Did you know? Bioethanol can be a first-generation or second-generation biofuel. It’s a first-generation biofuel when it’s made from an edible material like sugar or wheat. It’s a second-generation biofuel when it’s made from non-edible materials like cellulose.

How are biofuels produced?

Scientists divide biofuels into three generations, depending on the raw materials used to produce them. First-generation biofuels are made mainly from food-related sources. Examples include starch from cereal plants like corn and wheat, sugar from sugar cane, vegetable oils and animal fats. Fuel can be made from these substances in many ways, including through the help of microorganisms (bacteria and other tiny organisms). For example, a fungus called Saccharomyces cerevisiae (yeast) can ferment sugar into bioethanol.

Second-generation biofuels are produced from non-food sources. They are mainly made from cellulosic materials (inedible parts of plants). That’s why they’re also called cellulosic biofuels. Crop residues (what’s left over after the edible part of a crop is harvested), wood and straw are examples of things that can produce cellulosic biofuels.

Third-generation biofuels are produced by certain species of algae. That’s why they’re also called algal fuels. Some algal species can secrete oily substances. These substances can be used as biofuels.

Algal biofuels have grabbed the interest of both manufacturers and scientists for a lot of reasons. For example, algal species often grow faster and produce much more oil than the best first-generation oil seed crops. However, large-scale algal biofuels are still very expensive to produce. Researchers are trying to develop better harvesting techniques and bioreactors (a type of instrument used to grow microorganisms).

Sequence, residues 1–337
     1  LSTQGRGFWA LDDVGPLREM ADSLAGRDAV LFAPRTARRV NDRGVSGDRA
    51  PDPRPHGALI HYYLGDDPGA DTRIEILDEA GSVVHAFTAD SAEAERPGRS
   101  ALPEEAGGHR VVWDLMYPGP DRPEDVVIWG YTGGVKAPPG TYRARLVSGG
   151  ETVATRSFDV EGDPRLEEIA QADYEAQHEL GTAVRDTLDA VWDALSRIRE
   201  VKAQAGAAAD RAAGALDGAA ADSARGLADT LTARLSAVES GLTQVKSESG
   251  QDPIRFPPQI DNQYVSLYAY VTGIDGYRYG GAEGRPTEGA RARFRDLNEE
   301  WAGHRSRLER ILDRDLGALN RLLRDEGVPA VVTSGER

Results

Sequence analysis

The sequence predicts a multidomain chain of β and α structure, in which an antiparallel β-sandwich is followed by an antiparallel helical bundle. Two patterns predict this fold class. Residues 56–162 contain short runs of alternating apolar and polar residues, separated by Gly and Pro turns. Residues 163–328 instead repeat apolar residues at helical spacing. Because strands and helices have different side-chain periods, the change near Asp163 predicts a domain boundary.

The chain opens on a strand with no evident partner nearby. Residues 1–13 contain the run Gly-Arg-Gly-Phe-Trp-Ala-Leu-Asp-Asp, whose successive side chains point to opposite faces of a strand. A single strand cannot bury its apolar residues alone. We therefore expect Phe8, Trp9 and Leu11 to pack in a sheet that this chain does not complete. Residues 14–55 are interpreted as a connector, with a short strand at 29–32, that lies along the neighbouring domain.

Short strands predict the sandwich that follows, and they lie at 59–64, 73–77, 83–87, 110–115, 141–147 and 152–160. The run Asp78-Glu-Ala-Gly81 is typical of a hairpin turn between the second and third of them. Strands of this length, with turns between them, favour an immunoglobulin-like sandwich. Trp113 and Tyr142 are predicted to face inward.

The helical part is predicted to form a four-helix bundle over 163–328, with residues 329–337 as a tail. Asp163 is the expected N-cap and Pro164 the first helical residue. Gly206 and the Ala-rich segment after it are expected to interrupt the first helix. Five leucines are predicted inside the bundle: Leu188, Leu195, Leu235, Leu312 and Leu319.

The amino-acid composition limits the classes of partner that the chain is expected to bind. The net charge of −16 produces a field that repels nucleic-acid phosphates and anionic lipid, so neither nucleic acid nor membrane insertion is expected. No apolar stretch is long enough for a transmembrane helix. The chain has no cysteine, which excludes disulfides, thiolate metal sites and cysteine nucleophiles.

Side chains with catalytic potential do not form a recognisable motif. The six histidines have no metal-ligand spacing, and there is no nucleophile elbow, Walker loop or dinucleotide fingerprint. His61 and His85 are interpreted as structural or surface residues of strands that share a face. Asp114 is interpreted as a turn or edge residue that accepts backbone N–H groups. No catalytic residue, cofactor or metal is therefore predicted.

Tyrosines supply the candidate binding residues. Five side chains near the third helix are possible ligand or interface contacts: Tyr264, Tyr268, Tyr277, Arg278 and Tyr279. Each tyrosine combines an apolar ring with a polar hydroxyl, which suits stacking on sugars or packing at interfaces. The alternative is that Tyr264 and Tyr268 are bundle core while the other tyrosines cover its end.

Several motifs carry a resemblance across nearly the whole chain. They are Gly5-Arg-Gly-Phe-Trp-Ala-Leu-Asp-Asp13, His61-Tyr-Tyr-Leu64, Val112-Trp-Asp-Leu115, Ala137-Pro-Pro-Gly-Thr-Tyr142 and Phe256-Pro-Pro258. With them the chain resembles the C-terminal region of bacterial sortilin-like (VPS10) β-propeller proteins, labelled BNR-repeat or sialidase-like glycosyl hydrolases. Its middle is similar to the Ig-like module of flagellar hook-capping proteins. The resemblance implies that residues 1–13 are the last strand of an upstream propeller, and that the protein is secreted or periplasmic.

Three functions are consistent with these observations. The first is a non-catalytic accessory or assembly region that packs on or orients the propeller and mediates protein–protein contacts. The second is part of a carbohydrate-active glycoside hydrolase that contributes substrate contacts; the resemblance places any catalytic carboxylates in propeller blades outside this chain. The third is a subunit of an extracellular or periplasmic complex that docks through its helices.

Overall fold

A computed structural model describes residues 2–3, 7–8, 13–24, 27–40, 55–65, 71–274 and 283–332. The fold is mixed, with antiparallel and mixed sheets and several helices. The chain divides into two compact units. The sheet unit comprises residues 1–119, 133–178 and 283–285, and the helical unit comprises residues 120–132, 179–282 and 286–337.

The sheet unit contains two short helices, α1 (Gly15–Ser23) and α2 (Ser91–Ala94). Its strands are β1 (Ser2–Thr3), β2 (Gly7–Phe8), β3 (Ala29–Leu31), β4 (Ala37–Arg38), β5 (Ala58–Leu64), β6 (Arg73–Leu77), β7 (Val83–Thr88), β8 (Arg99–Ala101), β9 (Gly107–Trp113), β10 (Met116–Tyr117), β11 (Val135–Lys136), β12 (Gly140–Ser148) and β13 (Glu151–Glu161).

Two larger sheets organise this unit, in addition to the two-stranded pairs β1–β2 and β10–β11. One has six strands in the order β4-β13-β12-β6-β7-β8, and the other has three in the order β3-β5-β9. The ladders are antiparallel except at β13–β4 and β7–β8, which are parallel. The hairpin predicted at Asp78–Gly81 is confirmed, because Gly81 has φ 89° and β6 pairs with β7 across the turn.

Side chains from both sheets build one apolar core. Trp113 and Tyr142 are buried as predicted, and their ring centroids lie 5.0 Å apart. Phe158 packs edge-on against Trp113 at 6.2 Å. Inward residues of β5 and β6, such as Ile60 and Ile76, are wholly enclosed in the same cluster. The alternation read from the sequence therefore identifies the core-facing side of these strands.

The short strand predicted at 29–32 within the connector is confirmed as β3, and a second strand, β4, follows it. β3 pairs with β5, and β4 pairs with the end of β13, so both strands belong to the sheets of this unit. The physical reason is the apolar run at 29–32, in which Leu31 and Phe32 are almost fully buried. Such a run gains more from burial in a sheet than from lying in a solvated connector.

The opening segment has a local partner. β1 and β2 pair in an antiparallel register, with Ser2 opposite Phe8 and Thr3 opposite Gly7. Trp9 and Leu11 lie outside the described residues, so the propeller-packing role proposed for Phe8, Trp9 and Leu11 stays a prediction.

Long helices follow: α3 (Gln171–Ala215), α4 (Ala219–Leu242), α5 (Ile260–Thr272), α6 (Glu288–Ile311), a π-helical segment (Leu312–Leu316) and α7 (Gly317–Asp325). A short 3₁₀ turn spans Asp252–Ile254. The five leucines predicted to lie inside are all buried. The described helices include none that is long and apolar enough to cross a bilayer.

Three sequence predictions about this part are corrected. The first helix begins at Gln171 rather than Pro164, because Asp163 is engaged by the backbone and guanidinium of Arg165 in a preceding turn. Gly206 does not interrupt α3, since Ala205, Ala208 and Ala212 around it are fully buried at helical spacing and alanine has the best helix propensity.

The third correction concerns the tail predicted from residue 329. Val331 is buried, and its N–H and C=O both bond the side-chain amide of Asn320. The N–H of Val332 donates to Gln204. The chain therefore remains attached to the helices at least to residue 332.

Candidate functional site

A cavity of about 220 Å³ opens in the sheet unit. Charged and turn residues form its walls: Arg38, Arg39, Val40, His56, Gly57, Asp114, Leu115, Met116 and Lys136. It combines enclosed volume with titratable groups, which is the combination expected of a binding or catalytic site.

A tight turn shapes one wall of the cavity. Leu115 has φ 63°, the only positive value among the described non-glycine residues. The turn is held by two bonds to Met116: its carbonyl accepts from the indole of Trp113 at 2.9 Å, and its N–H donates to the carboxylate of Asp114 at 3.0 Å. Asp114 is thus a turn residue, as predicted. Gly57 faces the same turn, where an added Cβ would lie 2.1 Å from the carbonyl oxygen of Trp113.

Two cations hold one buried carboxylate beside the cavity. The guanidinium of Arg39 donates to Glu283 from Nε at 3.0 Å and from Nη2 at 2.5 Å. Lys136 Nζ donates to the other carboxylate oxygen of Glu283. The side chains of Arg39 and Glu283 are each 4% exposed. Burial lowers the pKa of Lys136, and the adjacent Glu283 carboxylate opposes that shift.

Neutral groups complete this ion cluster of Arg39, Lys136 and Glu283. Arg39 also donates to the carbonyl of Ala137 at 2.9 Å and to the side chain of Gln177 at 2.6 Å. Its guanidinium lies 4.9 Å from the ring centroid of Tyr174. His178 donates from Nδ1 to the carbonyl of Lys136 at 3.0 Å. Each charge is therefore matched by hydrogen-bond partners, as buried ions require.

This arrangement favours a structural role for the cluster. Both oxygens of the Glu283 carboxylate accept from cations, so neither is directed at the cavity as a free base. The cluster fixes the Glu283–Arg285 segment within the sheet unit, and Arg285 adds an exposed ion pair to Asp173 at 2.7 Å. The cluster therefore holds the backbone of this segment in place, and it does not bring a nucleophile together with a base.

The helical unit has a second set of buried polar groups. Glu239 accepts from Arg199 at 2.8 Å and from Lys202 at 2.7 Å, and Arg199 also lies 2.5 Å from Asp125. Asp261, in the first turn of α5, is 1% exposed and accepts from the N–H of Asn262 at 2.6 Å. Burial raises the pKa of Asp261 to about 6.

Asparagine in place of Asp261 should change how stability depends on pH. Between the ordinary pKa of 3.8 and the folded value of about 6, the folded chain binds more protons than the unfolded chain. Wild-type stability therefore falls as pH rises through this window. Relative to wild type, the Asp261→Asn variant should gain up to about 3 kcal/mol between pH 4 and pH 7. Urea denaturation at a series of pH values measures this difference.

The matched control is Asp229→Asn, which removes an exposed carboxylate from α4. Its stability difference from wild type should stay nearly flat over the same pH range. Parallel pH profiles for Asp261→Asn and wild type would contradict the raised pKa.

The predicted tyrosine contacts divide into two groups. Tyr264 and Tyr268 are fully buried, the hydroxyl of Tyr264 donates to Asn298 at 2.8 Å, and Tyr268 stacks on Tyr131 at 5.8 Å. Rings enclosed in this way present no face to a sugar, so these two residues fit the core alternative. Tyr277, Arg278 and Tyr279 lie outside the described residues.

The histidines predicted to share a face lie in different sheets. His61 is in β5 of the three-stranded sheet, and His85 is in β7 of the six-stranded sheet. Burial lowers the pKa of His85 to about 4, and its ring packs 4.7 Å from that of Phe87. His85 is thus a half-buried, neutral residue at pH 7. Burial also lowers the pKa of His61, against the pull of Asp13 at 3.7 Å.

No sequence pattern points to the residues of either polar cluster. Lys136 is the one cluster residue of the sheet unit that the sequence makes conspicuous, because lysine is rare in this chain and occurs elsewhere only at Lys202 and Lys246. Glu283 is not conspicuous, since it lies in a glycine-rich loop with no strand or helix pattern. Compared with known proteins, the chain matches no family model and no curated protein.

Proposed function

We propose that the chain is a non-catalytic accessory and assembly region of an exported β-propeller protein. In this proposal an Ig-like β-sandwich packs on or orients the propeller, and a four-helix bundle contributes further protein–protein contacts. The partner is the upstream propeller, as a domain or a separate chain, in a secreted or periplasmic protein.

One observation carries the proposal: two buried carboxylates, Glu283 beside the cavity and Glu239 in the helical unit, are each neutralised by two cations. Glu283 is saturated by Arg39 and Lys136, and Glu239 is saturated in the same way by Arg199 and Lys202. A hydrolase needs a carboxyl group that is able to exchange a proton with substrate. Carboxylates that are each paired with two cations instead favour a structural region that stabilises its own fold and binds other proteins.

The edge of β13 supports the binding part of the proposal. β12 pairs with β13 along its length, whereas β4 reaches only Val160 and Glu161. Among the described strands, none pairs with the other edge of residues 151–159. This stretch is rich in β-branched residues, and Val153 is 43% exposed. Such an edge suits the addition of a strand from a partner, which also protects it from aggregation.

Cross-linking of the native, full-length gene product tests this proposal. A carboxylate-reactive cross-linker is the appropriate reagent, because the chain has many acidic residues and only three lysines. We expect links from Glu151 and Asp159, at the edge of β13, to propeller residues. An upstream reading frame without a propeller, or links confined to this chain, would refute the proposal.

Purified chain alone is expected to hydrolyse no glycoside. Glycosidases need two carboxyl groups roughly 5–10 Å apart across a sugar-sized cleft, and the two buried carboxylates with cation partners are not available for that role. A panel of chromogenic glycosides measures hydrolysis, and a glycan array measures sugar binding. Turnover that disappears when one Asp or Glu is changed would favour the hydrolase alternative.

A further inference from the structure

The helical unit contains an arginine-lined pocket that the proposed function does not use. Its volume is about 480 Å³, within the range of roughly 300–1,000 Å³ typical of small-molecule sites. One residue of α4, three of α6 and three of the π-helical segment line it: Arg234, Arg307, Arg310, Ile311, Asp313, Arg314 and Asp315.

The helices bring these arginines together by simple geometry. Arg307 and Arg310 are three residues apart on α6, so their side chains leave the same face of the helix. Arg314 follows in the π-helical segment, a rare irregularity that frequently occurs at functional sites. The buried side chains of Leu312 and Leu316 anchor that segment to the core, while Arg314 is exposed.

The future of biofuels

So why isn’t everyone using biofuels? Part of the reason is that many biofuels are expensive to produce. But biofuels are also renewable, so they impact the environment much less than fossil fuels. If new technologies can make biofuel production cheaper and more efficient, biofuels might soon become one of the best substitutes for fossil fuels.

Learn More!

From first generation biofuels to advanced solar biofuels (2016)
E.M. Aro, Ambio 45

Biofuels securing the planet’s future energy needs (2009)
A. Demirbas, Energy Conversion and Management 50
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National Geographic

Damitha Gunathilake

I am a PhD student in molecular microbiology at the University of Calgary. Before coming to Canada, I earned bachelor’s and master’s degrees in Sri Lanka, where I also had opportunities to work in different research labs. My earlier studies and research focused on industrial microbiology, epidemiology of viral encephalitis and genetic diagnostics. I have also published several articles and papers on related topics. As I pursue a career as a microbiologist, I am excited about sharing my knowledge and experience with others through projects like CurioCity.